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Charity shops are "not a dumping ground" for rubbish

Charity shops are

Wednesday 19 September 2018

Charity shops are "not a dumping ground" for rubbish

Wednesday 19 September 2018

One of the main concerns surrounding the new waste strategy was the potential for people to refuse to pay the new charges and fly tip their waste - and local charity shops have reported they are already feeling the brunt of the changes.

Whether it be bags of old toys and clothes all in a "disgusting condition", unusable furniture or items that are simply rubbish, the thrift stores have found in recent times people are increasingly leaving things outside of their premises over night, or when they are not wanted.

And while it sometimes is either with the intention of, or under the guise of, being good willed, if items that the shops cannot sell are let there, they are left to bear the cost of having them tipped - something charity shops can rarely easily afford.

waste longue hougue

Pictured: The Longue Hougue Waste Management Facility just before its completion. Now people have to take anything they need tipped to the yard next to the facility. The new Waste Strategy kicked off at the start of this month. 

Sarah Bamford, Chairperson of GO and the GO Charity Shop, said the amount of people leaving things in their carpark or on their doorstep had dramatically increased since the new waste strategy kicked off. And despite being a "big supporter" of the new waste strategy, her fear was that when the States started charging for black bin sacks in January, things would only get worse. 

"The has definitely been a noticeable increase in the amount of things left on the doorstep, and a lot of stuff that is totally unusable. We are very grateful to people who donate things to us, but 90% of this - things being left here without anyone saying anything - is fly tipping," she said.

"It is stuff that is not suitable for sale and then we have to pay to get rid of it - it is just being dumped here."

GO, along with all of the other island charity shops, is operating to raise money to support both the people of Guernsey or people from around the world. Ms Bamford said when they had to then spend their money on dumping other people's rubbish it totally defeated the point.

"A few weeks ago is a good example - we had to have the fire brigade round because a pile of rubbish had been left in the middle of the carpark that was a major fire risk. But it varies, we have had a disgusting sofa, all sorts of furniture, mixed bags of old things, mattresses.. we really do appreciate all donations, you name it, we want it, but it has to be of good quality, and these people are leaving things when they know we are not open. We really think it is fly tipping."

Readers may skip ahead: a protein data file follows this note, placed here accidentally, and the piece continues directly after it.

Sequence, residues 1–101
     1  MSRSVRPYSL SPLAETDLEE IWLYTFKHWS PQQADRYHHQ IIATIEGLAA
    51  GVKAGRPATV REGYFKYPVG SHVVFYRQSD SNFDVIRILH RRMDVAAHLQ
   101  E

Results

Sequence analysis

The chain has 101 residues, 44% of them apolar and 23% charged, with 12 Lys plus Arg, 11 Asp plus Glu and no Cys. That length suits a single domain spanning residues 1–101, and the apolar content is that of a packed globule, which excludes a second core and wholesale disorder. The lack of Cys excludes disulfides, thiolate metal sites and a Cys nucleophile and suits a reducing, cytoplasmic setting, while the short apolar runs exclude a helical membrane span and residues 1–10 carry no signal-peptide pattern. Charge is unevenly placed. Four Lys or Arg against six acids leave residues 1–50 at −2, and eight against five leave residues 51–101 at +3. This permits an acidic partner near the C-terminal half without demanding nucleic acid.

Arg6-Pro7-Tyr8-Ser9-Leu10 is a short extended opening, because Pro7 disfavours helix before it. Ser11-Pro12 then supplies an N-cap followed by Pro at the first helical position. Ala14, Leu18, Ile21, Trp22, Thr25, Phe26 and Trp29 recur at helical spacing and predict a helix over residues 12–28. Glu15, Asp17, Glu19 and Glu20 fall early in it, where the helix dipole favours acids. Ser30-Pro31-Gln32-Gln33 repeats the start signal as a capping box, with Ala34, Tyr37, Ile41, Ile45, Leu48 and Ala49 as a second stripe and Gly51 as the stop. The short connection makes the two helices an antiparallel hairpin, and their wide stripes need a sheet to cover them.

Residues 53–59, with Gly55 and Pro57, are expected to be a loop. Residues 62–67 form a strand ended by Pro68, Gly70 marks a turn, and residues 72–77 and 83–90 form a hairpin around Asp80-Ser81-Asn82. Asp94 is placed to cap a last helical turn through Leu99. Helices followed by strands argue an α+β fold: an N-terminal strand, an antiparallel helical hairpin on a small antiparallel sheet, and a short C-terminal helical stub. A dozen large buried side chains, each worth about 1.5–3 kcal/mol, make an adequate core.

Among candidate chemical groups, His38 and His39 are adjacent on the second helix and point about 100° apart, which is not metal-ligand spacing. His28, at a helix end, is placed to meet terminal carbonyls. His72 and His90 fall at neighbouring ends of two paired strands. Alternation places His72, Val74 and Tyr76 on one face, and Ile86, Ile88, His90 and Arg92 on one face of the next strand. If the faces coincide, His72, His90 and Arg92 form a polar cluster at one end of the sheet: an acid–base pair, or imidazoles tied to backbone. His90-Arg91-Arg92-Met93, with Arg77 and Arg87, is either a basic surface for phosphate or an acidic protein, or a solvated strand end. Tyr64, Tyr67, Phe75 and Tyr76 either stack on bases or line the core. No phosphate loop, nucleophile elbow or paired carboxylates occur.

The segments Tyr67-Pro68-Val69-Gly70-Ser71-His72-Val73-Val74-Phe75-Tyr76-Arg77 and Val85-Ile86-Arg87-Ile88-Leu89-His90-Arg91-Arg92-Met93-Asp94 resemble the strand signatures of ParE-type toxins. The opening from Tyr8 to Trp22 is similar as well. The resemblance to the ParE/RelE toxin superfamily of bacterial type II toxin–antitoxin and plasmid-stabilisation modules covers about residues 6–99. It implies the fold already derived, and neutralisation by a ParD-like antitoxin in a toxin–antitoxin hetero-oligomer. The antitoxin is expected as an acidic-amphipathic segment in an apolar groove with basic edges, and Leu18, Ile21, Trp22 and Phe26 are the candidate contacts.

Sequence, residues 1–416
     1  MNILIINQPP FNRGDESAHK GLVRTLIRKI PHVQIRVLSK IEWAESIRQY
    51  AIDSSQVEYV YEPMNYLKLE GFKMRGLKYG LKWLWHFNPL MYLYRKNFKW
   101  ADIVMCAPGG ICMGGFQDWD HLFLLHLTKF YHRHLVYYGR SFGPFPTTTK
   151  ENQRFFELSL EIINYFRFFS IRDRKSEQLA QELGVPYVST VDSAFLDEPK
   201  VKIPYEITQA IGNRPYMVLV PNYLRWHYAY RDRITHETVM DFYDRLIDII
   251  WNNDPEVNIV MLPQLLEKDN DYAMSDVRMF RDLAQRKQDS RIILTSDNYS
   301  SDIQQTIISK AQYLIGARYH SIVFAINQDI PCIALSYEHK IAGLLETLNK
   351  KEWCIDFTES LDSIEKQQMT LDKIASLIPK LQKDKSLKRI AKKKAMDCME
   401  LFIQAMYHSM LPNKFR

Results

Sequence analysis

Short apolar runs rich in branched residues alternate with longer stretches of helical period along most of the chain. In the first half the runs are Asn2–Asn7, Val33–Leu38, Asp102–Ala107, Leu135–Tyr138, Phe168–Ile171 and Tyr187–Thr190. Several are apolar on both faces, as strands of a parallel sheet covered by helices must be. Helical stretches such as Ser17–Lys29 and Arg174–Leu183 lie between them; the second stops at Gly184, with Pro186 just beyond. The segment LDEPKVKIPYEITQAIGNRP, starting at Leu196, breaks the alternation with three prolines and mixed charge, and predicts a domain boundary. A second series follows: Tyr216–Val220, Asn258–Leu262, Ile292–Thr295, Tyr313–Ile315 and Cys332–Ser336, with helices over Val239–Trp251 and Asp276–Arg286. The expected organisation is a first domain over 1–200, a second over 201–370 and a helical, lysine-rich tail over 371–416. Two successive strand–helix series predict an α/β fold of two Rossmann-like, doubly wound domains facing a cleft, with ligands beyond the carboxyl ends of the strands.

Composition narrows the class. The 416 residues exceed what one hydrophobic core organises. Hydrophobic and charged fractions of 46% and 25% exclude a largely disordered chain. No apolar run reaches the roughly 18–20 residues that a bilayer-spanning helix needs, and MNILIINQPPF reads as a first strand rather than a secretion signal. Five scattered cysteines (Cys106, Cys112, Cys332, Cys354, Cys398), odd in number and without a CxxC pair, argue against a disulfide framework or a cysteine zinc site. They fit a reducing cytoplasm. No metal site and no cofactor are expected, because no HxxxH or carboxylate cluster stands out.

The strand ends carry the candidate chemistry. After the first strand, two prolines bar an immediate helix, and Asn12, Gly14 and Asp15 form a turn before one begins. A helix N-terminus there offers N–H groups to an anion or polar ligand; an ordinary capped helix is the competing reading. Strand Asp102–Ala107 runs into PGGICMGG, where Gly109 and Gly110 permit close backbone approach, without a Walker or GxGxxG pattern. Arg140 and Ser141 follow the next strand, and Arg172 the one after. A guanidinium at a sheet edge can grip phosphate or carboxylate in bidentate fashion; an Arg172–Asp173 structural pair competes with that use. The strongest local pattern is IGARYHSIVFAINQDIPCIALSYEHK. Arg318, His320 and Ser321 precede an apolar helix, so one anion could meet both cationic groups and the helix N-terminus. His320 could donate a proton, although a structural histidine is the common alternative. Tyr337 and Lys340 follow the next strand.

Sara King is the founder of the Donate charity shop, which raises money for a multitude of charities. She has installed CCTV on the front her shop and has signs explicitly warning people against fly tipping their waste out the front, but she knows that is a luxury not all of the stores can afford.

"We have had people dump things, but we have these cameras so they are a big deterrent," she said.

"When it happens though, we have to pay for it to get disposed of. The change at the reclamation site has only made it worse as well. I do think people are trying to do good by donating things to us, but sometimes things just really aren't great and there is nothing we can do with them. I have a sign up saying 'no leaving items outside under any circumstances' just to avoid this." 

While CCTV is one solution to the problem, Ms Bamford from the GO store also said she felt there needed to be a "very, very harsh fine" in place to punish fly tippers to act as a good deterrent. She hoped as the waste strategy moves forwards, it is properly policed to ensure the fly tipping problems they are facing now do not get worse. 

The Salvation Army charity shop was one of those less affected by the dumping, but Sue Le Poidevin, its manager, said they were still very watchful of the issue.

"We dont have a front so I do think other places are more affected than us, but it is something we are paying close attention to incase it starts happening," she said.

"If it starts the only option we are going to have is to pay to get rid of it ourselves." 

Pictured top: Donate charity shop, The Salvation Army charity shop, the Cancer Research UK charity shop and GO charity shop, and inset, Donate's sign warning against fly tipping.


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